It's been a while since I did this & I haven't kept proper track.
The Man Who Loved Jane Austen by Sally O'Rourke. Plenty of bitter, mirthless LOLs in this one. Basically, a drunken, single, unhappy old woman in her thirties, with flashing dark eyes and a successful career living in a New York apartment and selling her paintings of country cottages over the internet, buys an old dressing table and inside it there is a letter FROM MR DARCY TO JANE AUSTEN and another SEALED letter back from Jane to Darcy! omg omg omg: Northanger Abbey or what. Anyway, the painter lady eventually works out that a modern-day American called Fitzwilliam Darcy (latest hereditary owner of an ex-slave plantation in Virginia) banged his head falling off his horse and woke up in 1810, to find JA ripping his trousers off (literally.) He's back in the present now, phew. But in 1810, he was in Love with Jane (who wanted him to 'teach' her what Love is like. Poor Mr Darcy, alone in the lonely present with his massive wealth and respectful black servants. However, Artist woman sorts him out. The End. Oops, spoilers back there, I spoiled it for you. Sorry about that.
Now I am reading another one which is much the same. Think I'm going to write something about time travel romances featuring Austen. It's good to get the emotions out here and now so I can think about them calmly later on.
The Mysteries of Udolpho by Anne Radcliffe. A lovely book, and quite the page-turner (all seven hundred closely printed pages of it), but I got a little tired of every mysterious shadowy figure or snatch of unearthly sweet music eventually having a natural explanation.
On not liking South Africa by Jenny Diski in the current LRB is not a book, but I read it a few days ago and haven't been able to stop thinking about it. You should read it too.
unnamed book about film adaptation by unnamed film theorist, published late last year; I finally worked up the courage to get it and read it, and am presently experiencing an immense feeling of relief that it's not all the same as my thesis. I should have read it straight off and saved myself the fear and angst.
last but not least....Gaudy Night by Dorothy L Sayers. After reading some of you writing about how you appreciate it I got a copy and read it. A pretty terrific book: in places, verging on greatness. I was totally unprepared for the depth of feeling in the Harriet / Peter relationship (never having read Sayers before) and even though I feel certain that the woman dons Miss Lydgate and Miss de Vine in all their solitary scholarly glory are heavily idealised by Sayers they still said things that made me think quite hard about whether I'm properly cut out for university work, especially as it is now constituted, with endless horrible rankings and scorings and the requirement to do be shrewd and do things strategically rather than for their natural worth or interest. The depiction of the desperate economic and social vulnerability of the women's college bit hard and reminded me very much of A Room of One's Own. I liked the period details too. But the ending.... and now there really will be a big break for the proper quarantining of spoilers, because it really is a detective novel.....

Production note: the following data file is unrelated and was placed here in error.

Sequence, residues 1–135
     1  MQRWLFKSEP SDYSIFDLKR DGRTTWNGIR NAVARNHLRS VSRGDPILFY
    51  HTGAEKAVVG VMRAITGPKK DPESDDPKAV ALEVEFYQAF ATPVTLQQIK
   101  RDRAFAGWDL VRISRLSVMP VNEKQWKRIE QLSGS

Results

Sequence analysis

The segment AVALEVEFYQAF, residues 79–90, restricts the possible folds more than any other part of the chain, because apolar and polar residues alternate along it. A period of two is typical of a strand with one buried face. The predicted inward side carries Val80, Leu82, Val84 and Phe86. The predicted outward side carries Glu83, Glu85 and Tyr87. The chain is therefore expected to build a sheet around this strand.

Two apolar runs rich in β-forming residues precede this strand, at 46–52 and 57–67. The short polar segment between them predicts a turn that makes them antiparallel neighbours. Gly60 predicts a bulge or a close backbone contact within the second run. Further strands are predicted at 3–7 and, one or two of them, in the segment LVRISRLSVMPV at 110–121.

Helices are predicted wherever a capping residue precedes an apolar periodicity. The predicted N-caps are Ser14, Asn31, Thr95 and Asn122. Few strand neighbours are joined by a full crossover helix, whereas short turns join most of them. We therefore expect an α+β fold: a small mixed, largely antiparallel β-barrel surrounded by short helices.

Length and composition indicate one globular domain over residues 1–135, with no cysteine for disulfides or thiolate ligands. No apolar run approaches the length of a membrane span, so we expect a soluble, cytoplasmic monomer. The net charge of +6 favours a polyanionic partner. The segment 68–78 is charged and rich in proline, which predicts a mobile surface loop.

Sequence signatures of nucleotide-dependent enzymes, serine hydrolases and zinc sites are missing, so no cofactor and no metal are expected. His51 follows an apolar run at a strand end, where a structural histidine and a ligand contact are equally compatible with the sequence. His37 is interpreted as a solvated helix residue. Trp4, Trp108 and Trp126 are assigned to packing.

so here are some pictures I took in Port Fairy on the weekend....
Spoiler starts here
OK, if you're reading this I assume you know the book. A lot of the goodwill the book banked up with me dissipated very quickly when it turned out it was the scout that did it. I thought that was a bit of a cheat, but more importantly the scapegoating of the working class woman really saddened me. I understand that the sad logic of the thing is that virulent misogynist prejudice about educated and un-heterosexual women is not confined to men, but still, the same effect could have been got using a character who is not a servant. Anyway, in all other respects an excellent novel. Should I read more of Sayers or will they be anticlimaxes now?